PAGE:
Texas Sen. John Cornyn 'Not Interested' in FBI Director Job

Senate Majority Whip John Cornyn of Texas speaks on Capitol Hill in Washington. Conservative senators are pushing to diminish insurance coverage requirements imposed by President Barack Obama’s health care law

The Trump administration's search for a new FBI Director hit roadblocks on Tuesday, after two high-profile potential candidates, a moderate judge and a conservative senator, indicated they do not want the job.

Senate Democrats are demanding that Deputy Attorney General Rod Rosenstein name a special prosecutor for an investigation into Russia's influence in the 2016 US presidential elections before moving forward with Comey's replacement. "How I can best serve my fellow Texans and my country has, and will continue to be, my guiding principle".

It's unclear how seriously Cornyn was being considered for the position, but he was among several candidates interviewed over the weekend.

Last year, though, Cornyn said an independent prosecutor was necessary to investigate Democrat Hillary Clinton and her email practices.

Cornyn is former Texas Supreme Court judge and attorney general, a senior member of the Senate Judiciary Committee, and a member of the Senate Select Committee on Intelligence.

South Carolina Rep. Trey Gowdy took himself out of consideration on Monday.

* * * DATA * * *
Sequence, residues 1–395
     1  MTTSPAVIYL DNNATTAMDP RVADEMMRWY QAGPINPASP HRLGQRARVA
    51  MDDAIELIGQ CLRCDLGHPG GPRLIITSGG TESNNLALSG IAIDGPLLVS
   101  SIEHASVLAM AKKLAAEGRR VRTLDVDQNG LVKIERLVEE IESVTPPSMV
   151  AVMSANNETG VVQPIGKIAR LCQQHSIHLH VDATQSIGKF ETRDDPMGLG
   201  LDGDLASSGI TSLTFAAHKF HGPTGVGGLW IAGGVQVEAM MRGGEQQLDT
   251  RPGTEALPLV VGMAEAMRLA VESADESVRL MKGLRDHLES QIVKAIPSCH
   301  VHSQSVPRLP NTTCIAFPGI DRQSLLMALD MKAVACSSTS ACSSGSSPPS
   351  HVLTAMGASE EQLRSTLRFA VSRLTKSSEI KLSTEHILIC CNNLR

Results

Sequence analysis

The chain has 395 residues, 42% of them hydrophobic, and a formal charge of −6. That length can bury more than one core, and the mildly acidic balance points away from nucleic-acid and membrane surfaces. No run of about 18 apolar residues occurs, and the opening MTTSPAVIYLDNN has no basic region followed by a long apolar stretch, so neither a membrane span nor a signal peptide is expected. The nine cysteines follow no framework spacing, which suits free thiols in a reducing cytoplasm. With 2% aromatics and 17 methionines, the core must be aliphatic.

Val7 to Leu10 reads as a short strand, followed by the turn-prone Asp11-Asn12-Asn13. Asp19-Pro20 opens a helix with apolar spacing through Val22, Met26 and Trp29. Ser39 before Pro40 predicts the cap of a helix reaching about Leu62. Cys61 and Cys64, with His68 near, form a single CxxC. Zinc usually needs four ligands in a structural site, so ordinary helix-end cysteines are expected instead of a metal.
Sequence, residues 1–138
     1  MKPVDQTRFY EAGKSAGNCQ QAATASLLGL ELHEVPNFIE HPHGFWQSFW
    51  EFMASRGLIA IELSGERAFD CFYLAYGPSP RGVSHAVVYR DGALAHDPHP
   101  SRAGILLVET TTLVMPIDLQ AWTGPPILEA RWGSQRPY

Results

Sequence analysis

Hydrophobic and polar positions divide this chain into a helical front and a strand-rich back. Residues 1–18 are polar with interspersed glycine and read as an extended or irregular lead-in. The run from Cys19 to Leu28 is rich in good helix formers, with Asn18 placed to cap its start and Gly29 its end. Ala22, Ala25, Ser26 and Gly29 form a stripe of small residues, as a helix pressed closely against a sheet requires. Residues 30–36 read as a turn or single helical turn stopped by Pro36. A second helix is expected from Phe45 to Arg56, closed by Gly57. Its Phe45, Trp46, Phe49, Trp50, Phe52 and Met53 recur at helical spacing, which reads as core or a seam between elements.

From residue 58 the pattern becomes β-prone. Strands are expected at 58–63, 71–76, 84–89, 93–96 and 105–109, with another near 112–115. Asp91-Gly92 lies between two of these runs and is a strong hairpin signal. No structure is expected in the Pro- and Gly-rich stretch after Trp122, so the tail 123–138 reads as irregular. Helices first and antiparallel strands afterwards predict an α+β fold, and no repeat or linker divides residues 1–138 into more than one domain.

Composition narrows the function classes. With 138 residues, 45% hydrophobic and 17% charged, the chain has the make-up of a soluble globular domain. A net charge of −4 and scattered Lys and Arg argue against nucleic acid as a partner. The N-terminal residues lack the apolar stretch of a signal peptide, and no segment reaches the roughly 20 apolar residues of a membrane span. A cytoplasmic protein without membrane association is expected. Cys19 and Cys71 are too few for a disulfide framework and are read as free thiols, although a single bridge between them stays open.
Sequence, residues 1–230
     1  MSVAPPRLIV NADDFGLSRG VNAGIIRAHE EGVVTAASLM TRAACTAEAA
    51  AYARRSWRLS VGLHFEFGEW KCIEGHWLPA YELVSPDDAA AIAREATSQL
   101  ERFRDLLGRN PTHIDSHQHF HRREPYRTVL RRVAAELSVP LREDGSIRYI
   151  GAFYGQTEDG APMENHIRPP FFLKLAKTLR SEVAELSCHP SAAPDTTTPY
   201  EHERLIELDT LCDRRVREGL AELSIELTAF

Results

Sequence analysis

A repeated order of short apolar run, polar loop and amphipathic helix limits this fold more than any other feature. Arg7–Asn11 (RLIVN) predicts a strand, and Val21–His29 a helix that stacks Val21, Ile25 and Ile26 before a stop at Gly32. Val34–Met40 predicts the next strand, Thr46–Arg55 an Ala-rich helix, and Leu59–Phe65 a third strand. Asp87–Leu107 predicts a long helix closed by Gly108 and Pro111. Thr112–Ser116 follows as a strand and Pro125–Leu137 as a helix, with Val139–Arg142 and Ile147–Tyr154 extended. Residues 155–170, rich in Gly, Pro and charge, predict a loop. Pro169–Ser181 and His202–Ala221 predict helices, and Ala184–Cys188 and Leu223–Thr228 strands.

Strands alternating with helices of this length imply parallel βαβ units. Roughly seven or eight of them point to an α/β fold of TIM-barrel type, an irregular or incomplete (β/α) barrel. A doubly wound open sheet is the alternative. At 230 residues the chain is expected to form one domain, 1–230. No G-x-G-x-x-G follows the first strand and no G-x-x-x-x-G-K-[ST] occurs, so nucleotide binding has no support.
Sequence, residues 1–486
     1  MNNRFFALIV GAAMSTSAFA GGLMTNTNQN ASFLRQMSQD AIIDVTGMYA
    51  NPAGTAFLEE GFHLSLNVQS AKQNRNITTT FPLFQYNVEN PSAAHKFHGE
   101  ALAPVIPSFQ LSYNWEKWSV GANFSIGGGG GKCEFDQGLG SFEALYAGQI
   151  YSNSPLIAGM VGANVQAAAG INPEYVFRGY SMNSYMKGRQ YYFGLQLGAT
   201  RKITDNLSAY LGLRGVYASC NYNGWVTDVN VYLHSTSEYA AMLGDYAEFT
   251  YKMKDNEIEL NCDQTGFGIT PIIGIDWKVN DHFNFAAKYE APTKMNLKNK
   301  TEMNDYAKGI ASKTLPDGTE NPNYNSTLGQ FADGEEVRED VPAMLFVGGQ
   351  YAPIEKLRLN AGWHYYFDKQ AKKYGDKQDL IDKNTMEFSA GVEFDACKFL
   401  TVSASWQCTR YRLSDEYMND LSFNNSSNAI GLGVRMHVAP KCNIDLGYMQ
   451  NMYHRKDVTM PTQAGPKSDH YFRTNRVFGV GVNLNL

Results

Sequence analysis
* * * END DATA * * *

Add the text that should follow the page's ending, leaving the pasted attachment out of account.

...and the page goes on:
Graham was referring, obviously, to Trump's clumsy decision to fire Comey, which, as the president told NBC's Lester Holt, was accompanied by the thought that "you know, this Russian Federation thing with Trump and Russian Federation is a made-up story".

Cornyn is set to meet with Attorney General Jeff Sessions this week about the position, and is seriously considering taking it if offered, sources told Politico. Trump himself called and urged Cornyn to take the job, but the senator said in a statement Tuesday that he would rather remain in the Senate. The source declined to be named because the decision was private.

Garland's name began to surface as a possible replacement last week when GOP Sen.

It is not that we don't believe Cornyn, the No. 2 Republican in the Senate, couldn't have brought a measure of integrity to the job.

A source familiar with Cornyn's thinking told Fox News he felt obligated to consider the opportunity of leading the Federal Bureau of Investigation out of a desire to restore stability - and because his close friend, Attorney General Jeff Sessions, asked him.

Garland has a lifetime appointment to the bench, and leaving his post would create yet another vacancy for President Trump to fill. His predecessor, Robert Mueller, was a US attorney in San Francisco.

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